Pridelands with EcoTraining. I become a student for a day.

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"If the idea of taking guests from all over the world out on walking and game drive safaris into Africa’s wild places, finding wildlife for them, and teaching them fascinating facts about the animals and ecosystems, then EcoTraining’s Professional Field Guide course is for you".

 

 

It has been more than 3 years since my last visit to the Pridelands EcoTraining camp just outside Hoedspruit. Although the camp structure itself has changed, the accommodation has not. This tent was to be home for the short time that I was going to be embedded with the current group of students. There are very strict COVID-19 protocols in place and even though I was only going to be there for one night I had to provide a negative COVID-19 test before being allowed to enter the property. As a result of the strict adherence to these requirements, several international students were on the course. Well done for enforcing what could be seen by some as pedantic requirements.

 

 

This image was from my previous visit when the elephants decided that the trees were greener on our side of the waterhole and decided to check this out for themselves by coming into the camp to feed. What this particular interaction taught me was that sitting quietly and being ‘in the moment’ made it a relaxed experience for both myself and the elephant.

 

 

This is where the lecture tent used to be until the floods swept through part of the camp and made relocation not so much an option but a necessity. Students are now able to sit here and watch the comings and goings at the waterhole while ‘hidden’ behind these fallen trees.

 

 

A Grey Heron sits astride a disused nest, preening in the early morning light.

 

 

It is not always about the animals with teeth and claws or hooves and horns. Sometimes, the light through a leaf and a single strand of a spider’s web will become a teaching experience.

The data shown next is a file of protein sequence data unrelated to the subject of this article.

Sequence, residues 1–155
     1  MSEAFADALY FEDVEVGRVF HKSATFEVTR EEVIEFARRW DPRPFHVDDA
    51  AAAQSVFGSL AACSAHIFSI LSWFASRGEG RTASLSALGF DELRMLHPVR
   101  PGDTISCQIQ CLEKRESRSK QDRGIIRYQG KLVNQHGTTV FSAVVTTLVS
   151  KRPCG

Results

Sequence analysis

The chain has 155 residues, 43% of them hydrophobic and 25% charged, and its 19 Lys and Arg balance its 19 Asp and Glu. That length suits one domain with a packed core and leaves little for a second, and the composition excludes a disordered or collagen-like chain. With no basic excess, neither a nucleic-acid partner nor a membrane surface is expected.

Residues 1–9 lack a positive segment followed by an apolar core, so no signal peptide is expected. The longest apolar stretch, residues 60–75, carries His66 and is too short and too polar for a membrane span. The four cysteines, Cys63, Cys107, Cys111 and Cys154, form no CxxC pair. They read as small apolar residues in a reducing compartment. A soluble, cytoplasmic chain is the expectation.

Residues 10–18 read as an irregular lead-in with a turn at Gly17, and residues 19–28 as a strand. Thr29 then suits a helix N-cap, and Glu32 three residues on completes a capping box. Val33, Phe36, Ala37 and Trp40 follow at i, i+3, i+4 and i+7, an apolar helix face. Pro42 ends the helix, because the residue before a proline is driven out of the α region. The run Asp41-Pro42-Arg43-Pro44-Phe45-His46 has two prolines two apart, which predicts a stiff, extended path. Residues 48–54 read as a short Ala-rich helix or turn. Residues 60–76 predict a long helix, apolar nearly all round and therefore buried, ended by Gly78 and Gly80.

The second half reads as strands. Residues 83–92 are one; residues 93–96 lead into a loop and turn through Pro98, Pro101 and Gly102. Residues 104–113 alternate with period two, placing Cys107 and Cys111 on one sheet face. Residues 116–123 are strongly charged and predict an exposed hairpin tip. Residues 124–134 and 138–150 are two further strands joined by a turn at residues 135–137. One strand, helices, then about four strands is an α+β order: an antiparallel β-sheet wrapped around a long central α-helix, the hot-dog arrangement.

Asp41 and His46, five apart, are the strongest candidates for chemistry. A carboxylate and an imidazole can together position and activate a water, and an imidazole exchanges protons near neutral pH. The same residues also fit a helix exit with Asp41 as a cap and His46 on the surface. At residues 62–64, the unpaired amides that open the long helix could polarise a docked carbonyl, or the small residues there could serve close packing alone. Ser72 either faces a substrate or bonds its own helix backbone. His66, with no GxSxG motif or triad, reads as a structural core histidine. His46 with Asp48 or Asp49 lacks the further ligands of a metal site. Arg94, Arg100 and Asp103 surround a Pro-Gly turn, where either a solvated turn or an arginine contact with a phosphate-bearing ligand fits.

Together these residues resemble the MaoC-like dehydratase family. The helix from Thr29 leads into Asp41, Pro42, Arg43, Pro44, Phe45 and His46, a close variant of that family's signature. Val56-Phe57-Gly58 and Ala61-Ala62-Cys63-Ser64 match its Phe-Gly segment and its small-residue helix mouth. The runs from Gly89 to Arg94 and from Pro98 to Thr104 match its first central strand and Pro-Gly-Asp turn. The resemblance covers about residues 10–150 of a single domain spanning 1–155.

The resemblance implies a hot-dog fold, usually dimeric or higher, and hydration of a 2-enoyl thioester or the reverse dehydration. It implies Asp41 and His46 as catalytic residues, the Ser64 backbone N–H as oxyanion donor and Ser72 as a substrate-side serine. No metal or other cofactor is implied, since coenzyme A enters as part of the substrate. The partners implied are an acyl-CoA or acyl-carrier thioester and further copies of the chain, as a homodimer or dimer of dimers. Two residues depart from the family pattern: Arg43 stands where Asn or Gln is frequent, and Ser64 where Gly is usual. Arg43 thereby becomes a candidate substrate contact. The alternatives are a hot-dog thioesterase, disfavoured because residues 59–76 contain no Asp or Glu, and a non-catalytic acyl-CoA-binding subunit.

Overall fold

And speaking of spiders…If you are arachnophobic then you do NOT want to walk into this Communal Spider web.

 

 

From the game viewer, we watched this Red-billed Hornbill enjoy a dust bath in the road ahead.

 

 

Once the bird had flown off and under the watchful eye of EcoTraining trainer Tayla, the students got to see close up the signs that had been left in the soft sand. Being able to quickly and correctly read tracks and signs is one of the skills that guides have to learn. I had forgotten what it was like to be on a vehicle driven by a student. It was interesting to listen to a new take on subjects like how termite mounds work and the history of the Pridelands concession. I wish the students that I shared the vehicle with all the very best with their guiding careers. What it did for me was rekindle the passion that I have and I have set myself the task of obtaining my Apprentice Level Guide (NQF2) in 2022.

 

 

A Southern White-crowned Shrike watches us as we trundle past. To quote a birding friend of mine,” A wonderful characterful wee bird”! I tend to agree.

 

 

Possible one of the most easily recognizable of the African bird species…the Lilac-breasted Roller.

 

 

A morning coffee while seated near the waterhole. And yes, the cup was at that angle and it WAS morning coffee and nothing more!

 

 

When the students are not busy with lectures or work around camp, this becomes their tv. It was certainly my favourite spot while I was in camp.

Under the cover of darkness on the night that I was in camp, 6 lions had come down to drink. Although their vocalization echoed through camp, being uncertain as to their exact position I stayed in my tent and chose to listen rather than to see if I could get a visual.

 

 

Just before I was about to leave camp, this hyena came strolling past and stopped for a drink before once again vanishing into the bush.

Many thanks to the staff as well as the students for being so welcoming and making me feel part of the group, even if it was only for a few hours.

 

 

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